Table 2. Selected Laboratory Abnormalities Occurring in >10% of Patients who Received VOTRIENT and More Commonly (≥5%) in Patients who Received VOTRIENT Versus Placebo
to the University of Louisville, Kentucky, where he received his MD. “My father’s first wife died of tuberculosis, and I was the only child of his second wife. He was 50 years old when I was born on March 15, 1920. So in the course of one generation, my father and I journeyed from horse-and-
Table 2 presents the most common laboratory abnormalities occurring in >10% of patients who received VOTRIENT and more commonly (≥5%) in patients who received VOTRIENT versus placebo.
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PAGE 8 B:12” T:10.5” S:8.75”
About the Writer
onald Piana is an independent writer and reporter with more than 15 years of experience in oncology communications and publishing. In addition to the profiles published
reported in 126/895 (14%) of patients who did not use statins, compared with 11/41 (27%) of patients who had concomitant use of simvastatin. If a patient receiving concomitant simvastatin develops ALT elevations, follow dosing guidelines for VOTRIENT or consider alternatives to VOTRIENT [see Warnings and Precautions (5.1)]. Alternatively, consider discontinuing simvastatin [see Warnings and Precautions (5.1)]. Insufficient data are available to assess the risk of concomitant administration of alternative statins and VOTRIENT.
10 OVERDOSAGE Pazopanib doses up to 2,000 mg have been evaluated in clinical trials. Dose-limiting toxicity (Grade 3 fatigue) and Grade 3 hypertension were each observed in 1 of 3 patients dosed at 2,000 mg daily and 1,000 mg daily, respectively. Treatment of overdose with VOTRIENT should consist of general supportive measures. There is no specific antidote for overdosage of VOTRIENT. Hemodialysis is not expected to enhance the elimination of VOTRIENT because pazopanib is not significantly renally excreted and is highly bound to plasma proteins.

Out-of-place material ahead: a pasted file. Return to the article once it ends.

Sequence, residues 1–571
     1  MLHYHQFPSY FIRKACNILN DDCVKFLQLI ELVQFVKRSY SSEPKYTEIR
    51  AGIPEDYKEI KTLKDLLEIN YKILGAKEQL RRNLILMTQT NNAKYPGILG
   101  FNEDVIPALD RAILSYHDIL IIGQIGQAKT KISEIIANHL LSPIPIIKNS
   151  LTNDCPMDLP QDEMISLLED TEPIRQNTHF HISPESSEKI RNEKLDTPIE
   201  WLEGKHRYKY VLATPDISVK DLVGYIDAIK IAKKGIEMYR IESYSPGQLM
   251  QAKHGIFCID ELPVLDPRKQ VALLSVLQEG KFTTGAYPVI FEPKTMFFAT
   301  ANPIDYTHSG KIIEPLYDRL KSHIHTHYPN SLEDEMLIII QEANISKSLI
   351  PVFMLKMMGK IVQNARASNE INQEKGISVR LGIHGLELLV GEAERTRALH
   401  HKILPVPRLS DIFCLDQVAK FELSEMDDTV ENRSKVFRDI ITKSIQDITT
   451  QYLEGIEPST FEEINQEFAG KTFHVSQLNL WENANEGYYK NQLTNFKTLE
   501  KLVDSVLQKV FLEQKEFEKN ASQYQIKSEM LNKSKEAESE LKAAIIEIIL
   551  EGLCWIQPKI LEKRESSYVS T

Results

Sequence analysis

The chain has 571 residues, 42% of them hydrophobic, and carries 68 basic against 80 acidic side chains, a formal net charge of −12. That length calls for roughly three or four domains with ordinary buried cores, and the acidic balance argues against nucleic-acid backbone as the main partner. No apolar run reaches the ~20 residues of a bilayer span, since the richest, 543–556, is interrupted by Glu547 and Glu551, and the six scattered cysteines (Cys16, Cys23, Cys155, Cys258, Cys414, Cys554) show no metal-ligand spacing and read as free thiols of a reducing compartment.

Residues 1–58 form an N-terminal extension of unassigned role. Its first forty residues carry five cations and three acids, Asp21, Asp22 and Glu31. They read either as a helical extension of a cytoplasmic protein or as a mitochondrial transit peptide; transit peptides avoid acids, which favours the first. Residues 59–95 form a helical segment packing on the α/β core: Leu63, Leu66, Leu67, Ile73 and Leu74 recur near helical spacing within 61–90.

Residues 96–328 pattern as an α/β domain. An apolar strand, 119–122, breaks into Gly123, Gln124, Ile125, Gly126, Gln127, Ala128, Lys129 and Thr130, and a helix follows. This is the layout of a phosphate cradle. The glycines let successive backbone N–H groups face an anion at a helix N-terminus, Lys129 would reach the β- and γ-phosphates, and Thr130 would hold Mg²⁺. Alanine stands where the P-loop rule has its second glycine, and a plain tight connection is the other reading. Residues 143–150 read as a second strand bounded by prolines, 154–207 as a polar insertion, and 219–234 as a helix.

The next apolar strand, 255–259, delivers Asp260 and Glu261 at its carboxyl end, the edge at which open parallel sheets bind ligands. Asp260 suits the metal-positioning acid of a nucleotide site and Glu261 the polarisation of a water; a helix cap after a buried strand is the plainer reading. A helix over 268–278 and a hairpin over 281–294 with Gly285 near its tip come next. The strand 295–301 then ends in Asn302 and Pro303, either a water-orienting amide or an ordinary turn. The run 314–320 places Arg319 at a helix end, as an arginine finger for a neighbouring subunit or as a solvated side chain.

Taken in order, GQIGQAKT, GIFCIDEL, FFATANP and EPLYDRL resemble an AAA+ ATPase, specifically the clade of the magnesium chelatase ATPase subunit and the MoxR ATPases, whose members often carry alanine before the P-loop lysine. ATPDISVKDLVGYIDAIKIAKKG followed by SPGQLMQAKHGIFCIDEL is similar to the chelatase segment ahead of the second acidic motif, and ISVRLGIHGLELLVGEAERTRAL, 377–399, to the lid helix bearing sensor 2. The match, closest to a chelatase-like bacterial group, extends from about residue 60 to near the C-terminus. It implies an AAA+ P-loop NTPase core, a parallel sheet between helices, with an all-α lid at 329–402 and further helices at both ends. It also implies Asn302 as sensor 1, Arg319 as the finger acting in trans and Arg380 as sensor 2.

• Therapy with VOTRIENT may result in hepatobiliary laboratory abnormalities. Monitor serum liver tests (ALT, AST, and bilirubin) prior to initiation of VOTRIENT and at least once every 4 weeks for the first 4 months of treatment or as clinically indicated. Inform patients that they should report any of the following signs and symptoms of liver problems to their healthcare provider right away. —yellowing of the skin or the whites of the eyes (jaundice), —unusual darkening of the urine, —unusual tiredness, —right upper stomach area pain. • Gastrointestinal adverse reactions such as diarrhea, nausea, and vomiting have been reported with VOTRIENT. Patients should be advised how to manage diarrhea and to notify their healthcare provider if moderate to severe diarrhea occurs. • Women of childbearing potential should be advised of the potential hazard to the fetus and to avoid becoming pregnant. • Patients should be advised to inform their healthcare providers of all concomitant medications, vitamins, or dietary and herbal supplements. • Patients should be advised that depigmentation of the hair or skin may occur during treatment with VOTRIENT. • Patients should be advised to take VOTRIENT without food (at least 1 hour before or 2 hours after a meal). VOTRIENT is a registered trademark of GlaxoSmithKline.
©2012, GlaxoSmithKline. All rights reserved. Revised 03/2012 VTR:6BRS ©2012 The GlaxoSmithKline Group of Companies Companies All rights reserved. Printed in USA. VOT316R0 VOT219RO April April 2012 2012
The ASCO Post